The researchers assessed 24 players who received MRI scans before and after the season, using diffusion-tensor imaging (DTI) and diffusion-kurtosis imaging (DKI) data to measure changes in the brain's white-matter integrity. The players also underwent magnetoencephalography scans to record and analyze the magnetic fields produced by brain waves -- a method of assessing changes in function.
"We saw changes in these young players' brains on both structural and functional imaging after a single season of football," said Elizabeth Moody Davenport, PhD, a postdoctoral researcher at the University of Texas Southwestern Medical Center. "It's important to understand the potential changes occurring in the brain related to youth contact sports."
Those changes occurred without any of the players having received a diagnosis of a concussion during the season, she noted.
The researchers suggested that the results in high school football players could give clues as to how the process begins in which some professional football players develop chronic traumatic encephalopathy.
For the study, Davenport and colleagues recruited players to wear a special helmet during their football season. The helmet was fitted with the Head Impact Telemetry System (HITS) during all practices and games. The helmets are lined with six accelerometers that measure the magnitude, location, and direction of impacts. Data from the helmets can be uploaded to a computer for analysis.
The research team calculated the change in imaging metrics between the pre- and postseason imaging exams. The imaging results were then combined with player-specific impact data from the HITS. None of the 24 players were diagnosed with a concussion during the study.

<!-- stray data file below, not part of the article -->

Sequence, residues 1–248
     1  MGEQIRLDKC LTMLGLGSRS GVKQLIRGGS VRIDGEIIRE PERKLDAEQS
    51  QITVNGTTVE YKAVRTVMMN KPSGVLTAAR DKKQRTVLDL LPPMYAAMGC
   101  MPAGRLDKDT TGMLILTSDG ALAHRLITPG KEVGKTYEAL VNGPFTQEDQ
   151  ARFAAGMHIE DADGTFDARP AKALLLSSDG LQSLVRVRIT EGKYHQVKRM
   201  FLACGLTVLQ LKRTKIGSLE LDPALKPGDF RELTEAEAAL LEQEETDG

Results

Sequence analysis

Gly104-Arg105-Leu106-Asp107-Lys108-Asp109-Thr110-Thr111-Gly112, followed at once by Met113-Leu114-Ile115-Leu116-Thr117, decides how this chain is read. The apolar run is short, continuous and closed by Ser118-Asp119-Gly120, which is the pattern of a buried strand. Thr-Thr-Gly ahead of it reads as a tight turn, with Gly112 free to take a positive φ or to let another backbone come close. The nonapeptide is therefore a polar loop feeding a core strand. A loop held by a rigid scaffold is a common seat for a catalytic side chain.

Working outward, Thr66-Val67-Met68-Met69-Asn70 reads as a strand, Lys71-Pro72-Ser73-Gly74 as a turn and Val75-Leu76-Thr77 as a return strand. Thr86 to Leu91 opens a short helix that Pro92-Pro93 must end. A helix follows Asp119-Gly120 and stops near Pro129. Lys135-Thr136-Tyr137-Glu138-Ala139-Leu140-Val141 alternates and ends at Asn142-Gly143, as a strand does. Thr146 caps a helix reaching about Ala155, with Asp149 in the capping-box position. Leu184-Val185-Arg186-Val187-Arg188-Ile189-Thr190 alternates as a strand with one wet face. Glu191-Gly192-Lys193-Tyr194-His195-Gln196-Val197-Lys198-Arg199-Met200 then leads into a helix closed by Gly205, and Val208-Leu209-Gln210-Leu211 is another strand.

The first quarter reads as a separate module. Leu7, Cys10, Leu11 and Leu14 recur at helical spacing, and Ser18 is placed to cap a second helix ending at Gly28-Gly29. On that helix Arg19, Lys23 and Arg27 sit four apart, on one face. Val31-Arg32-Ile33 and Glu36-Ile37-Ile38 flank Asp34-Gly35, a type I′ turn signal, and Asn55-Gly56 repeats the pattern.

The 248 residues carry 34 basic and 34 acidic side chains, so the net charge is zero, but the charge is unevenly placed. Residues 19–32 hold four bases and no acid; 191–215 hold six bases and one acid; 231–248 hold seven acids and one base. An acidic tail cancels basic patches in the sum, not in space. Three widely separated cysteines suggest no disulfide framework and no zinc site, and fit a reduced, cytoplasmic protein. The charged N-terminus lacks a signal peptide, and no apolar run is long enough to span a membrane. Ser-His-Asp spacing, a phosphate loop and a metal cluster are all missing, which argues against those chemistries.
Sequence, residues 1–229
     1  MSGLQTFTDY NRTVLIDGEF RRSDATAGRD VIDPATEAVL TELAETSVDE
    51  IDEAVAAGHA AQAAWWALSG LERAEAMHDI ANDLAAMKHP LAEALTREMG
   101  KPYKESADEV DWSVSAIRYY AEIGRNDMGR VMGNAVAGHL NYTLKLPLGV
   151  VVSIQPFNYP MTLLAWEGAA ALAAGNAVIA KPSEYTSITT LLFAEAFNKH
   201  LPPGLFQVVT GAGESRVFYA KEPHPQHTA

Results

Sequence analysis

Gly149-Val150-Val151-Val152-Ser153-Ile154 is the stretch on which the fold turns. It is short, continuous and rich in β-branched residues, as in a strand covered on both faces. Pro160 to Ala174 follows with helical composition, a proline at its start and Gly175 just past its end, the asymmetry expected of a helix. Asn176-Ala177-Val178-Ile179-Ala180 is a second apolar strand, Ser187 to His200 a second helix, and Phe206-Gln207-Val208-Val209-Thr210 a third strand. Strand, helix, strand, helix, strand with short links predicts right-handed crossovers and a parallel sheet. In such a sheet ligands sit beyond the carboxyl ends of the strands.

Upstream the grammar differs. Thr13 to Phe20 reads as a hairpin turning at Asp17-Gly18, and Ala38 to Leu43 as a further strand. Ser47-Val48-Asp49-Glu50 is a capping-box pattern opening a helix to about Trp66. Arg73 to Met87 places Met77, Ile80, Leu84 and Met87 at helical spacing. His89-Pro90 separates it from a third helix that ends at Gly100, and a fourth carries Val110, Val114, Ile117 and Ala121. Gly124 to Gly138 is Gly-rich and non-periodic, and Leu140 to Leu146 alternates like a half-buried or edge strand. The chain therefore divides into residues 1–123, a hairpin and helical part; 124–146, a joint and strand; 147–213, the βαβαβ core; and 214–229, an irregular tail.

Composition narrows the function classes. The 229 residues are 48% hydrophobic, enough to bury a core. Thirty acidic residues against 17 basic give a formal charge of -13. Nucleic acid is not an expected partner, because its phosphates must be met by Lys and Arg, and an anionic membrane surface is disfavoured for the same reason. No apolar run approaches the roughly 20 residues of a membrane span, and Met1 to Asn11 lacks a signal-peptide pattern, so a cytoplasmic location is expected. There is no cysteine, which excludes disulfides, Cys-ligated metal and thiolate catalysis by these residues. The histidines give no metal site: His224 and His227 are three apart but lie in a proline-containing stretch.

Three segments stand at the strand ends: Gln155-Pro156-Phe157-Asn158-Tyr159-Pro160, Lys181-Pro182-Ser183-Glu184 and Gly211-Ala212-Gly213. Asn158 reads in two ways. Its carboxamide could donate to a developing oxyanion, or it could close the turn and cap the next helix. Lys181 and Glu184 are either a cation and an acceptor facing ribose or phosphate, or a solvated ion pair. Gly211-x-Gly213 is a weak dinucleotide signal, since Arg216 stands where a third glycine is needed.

Players with greater head impact exposure had the greatest change in diffusion imaging and MEG metrics, Davenport reported.
The studies are ongoing, with more institutions becoming involved in the project. "Without a larger population that is closely followed in a longitudinal study, it is difficult to know the long-term effects of these changes," she said. "We don't know if the brain's developmental trajectory is altered, or if the off-season time allows for the brain to return to normal."
"While this study provides an intriguing analysis of injury to the structural framework within the brain, as well as functional impairment reflected in abnormal brain waves in high school athletes who sustained varying degrees of head trauma, it demonstrates that these changes occurred in the absence of a clinical diagnosis of concussion," said Dr. Robert Glatter, an emergency room physician and expert in sports-related head injuries at Lenox Hill Hospital in New York City, who commented on the study. Glatter is also an assistant professor of medicine at Hofstra Northwell School of Medicine.
"This is an important finding since it demonstrates that subconcussive impacts may still result in physical damage to nerve fiber tracts in the white matter of the brain and also generate delta waves, a bellwether of impaired brain function," Glatter told AuntMinnie.com.
He suggested that further research could resolve some of the unanswered questions in the current study.
"What's unclear is whether these changes resolved after a single season of football, and if these physical changes in the brain subsequently led to changes in memory, thinking, and reasoning capabilities, traditionally assessed with specialized neuropsychiatric examinations," he said.
"Long-term analysis -- as well as a larger cohort -- is necessary to study the cognitive function and alterations in brain integrity after a single season of football in this age group to gain a better understanding of the meaning of the observed changes in this small but well-done study."